The study aimed to investigate the effectiveness of communication strategies in raising awareness of AI existential risks among the general public in the US and the Netherlands. Results showed that mass media items can successfully raise awareness, with female participants and those with a bachelor's degree being more receptive. The study also found that despite increased awareness, there was no rise in the proportion of people who endorse military involvement in AI development. Future research should investigate the impact of narratives on media interventions and explore other aspects such as content length and different formats. Research on other countries could also be valuable to identify general trends in AI existential risk communication.

Appendix

Findings from Human Extinction Events and Human Extinction Percentage per Survey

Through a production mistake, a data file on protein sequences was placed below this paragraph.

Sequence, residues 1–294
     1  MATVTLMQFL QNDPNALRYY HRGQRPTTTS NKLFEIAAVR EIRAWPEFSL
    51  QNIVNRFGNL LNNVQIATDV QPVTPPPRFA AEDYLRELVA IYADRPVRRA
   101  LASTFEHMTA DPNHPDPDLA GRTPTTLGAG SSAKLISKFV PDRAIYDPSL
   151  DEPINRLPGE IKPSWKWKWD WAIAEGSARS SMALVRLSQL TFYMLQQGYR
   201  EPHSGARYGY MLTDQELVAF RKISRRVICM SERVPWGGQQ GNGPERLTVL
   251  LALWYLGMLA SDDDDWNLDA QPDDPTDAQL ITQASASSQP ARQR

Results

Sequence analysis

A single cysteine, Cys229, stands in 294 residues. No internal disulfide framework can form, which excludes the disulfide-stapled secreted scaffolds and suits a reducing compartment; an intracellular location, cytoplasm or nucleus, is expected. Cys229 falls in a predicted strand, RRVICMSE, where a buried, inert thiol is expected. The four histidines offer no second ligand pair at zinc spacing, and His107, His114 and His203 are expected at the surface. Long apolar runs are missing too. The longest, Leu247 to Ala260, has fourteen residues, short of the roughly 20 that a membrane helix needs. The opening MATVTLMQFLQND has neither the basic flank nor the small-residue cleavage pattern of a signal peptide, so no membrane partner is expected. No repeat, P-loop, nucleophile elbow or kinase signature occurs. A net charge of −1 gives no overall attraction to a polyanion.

Figure 1: Percentage of participants who exhibited higher awareness after the intervention across surveys. 

Figure 2: Pre-post summary of the distribution of percentage values for the Human Extinction Percentage indicator across surveys

Comments11
Sorted by Click to highlight new comments since: Today at 7:51 PM

Otto (& Lara, Karl, & Alexia) -- thanks very much for sharing this fascinating research. Great to see empirical work on X risk communication strategies.

It's encouraging to know that even fairly brief interventions (watching videos or reading text) can significantly increase people's awareness of AI X risks. 

It looks like the CNN clip featuring Stephen Hawking was especially effective -- maybe given Hawking's scientific status and reputation as a genius, and the fact that he's not seen as a politically polarizing or controversial figure (unlike Elon Musk or PewDiePie).